They can provide, for example, important <strong>in</strong>dications<br />

of characteristics associated with high cognitive ability,<br />

such as motivational aspects, learn<strong>in</strong>g <strong>in</strong>terests, and learn<strong>in</strong>g<br />

engagement. The purpose which the observation is to<br />

serve is always the basis for select<strong>in</strong>g the appropriate<br />

procedure. The first step <strong>in</strong> provid<strong>in</strong>g support for gifted<br />

children is to identify their unique <strong>in</strong>terests and preferences<br />

and, <strong>in</strong> a second step, to evaluate the child’s current<br />

developmental status and his or her specific abilities. F<strong>in</strong>ally,<br />

<strong>in</strong> a third step, the child is offered an appropriate<br />

educational program, and the effectiveness of this program<br />

is monitored and evaluated.<br />

For the first and third steps, approaches such as<br />

“Learn<strong>in</strong>g Stories” or the “Leuven Scale of Involvement”<br />

that observe and document children’s participation as<br />

well as the extent and depth of their learn<strong>in</strong>g <strong>in</strong>terests are<br />

particularly suitable. These primarily assess the motivation<br />

and participation of children.<br />

To assess whether a child has exceptional abilities as<br />

well as specific <strong>in</strong>terests, it is necessary to make use of<br />

additional procedures that can measure the growth of a<br />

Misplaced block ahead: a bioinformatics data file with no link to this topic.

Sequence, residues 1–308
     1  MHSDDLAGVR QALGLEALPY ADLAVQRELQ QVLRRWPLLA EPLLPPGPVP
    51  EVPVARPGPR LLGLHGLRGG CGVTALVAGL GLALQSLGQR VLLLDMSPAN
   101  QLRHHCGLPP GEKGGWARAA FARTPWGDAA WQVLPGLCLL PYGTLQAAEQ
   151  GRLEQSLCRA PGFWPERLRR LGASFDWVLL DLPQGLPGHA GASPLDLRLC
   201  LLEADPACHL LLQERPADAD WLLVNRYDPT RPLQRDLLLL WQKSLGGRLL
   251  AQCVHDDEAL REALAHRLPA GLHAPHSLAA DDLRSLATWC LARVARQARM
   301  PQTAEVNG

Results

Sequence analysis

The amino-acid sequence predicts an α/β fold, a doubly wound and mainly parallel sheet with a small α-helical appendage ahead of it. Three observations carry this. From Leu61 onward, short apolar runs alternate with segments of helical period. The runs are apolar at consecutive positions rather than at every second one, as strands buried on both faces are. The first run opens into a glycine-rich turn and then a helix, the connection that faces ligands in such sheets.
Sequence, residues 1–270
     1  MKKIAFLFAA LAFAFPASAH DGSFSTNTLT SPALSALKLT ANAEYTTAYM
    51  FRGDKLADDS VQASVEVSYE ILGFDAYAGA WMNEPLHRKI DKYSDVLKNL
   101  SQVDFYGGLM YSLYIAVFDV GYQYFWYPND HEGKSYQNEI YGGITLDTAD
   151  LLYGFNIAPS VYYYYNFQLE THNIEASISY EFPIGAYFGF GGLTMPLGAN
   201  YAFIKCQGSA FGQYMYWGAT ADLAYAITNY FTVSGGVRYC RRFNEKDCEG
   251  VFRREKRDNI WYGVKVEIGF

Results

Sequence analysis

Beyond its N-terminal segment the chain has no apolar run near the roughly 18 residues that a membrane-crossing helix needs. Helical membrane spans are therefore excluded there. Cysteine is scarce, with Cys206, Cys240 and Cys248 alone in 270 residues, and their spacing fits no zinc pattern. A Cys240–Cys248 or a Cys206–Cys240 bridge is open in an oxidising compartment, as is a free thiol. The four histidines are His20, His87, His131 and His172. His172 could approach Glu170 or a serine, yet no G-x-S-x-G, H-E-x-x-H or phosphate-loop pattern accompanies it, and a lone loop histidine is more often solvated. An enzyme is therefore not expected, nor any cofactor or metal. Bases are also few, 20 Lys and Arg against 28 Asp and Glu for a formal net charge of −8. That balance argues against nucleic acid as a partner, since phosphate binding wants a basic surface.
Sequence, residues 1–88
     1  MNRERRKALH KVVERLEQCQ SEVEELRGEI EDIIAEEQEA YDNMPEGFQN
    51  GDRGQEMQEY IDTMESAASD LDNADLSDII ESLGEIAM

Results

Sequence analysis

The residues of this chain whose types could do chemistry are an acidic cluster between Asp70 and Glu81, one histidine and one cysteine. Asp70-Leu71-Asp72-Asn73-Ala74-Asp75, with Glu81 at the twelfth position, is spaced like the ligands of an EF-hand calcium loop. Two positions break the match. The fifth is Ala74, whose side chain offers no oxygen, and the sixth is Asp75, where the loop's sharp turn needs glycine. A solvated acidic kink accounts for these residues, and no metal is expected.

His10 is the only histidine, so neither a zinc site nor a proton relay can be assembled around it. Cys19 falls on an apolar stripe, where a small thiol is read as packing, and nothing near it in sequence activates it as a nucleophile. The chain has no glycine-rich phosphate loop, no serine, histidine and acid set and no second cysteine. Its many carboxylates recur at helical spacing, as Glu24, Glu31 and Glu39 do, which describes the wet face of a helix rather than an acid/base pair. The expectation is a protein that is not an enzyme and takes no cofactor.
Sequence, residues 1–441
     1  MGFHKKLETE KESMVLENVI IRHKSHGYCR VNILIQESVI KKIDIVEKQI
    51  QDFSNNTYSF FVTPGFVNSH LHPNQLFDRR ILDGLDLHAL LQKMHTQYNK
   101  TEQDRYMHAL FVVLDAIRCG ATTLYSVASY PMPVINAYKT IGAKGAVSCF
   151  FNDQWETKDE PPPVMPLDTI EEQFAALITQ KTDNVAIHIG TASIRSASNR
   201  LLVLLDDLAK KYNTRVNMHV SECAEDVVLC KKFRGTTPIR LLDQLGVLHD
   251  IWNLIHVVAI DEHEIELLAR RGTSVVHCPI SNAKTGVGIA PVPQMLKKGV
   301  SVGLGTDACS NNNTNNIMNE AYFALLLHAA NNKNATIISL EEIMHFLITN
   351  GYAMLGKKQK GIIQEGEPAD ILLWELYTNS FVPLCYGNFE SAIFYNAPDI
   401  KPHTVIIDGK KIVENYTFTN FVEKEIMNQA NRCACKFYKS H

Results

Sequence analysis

child’s competencies <strong>in</strong> different areas, qualitatively as<br />

well as over time.<br />

The KOMPIK Observation Form (www.kompik.de/<br />

kompik.html) serves here as an example. For exceptional<br />

abilities <strong>in</strong> highly specific areas (e.g., high aptitude <strong>in</strong><br />

music or sports), cooperation with other <strong>in</strong>stitutions may<br />

be appropriate (see pp. 28, 30, 38).<br />

40 41

How relevant are <strong>early</strong> read<strong>in</strong>g<br />

and mathematics skills for<br />

diagnos<strong>in</strong>g children with high<br />

cognitive ability?<br />

the more self-motivated a child is to engage <strong>in</strong> read<strong>in</strong>g and<br />

arithmetic, and the less pedagogical guidance he or she<br />

has received <strong>in</strong> acquir<strong>in</strong>g these skills, the more likely it is<br />

that above-average <strong>in</strong>tellectual abilities can be <strong>in</strong>ferred<br />

from the child’s achieved proficiency level (see pp. 54, 72).<br />

In the self-help literature, one often f<strong>in</strong>ds statements<br />

to the effect that gifted children acquire their read<strong>in</strong>g and<br />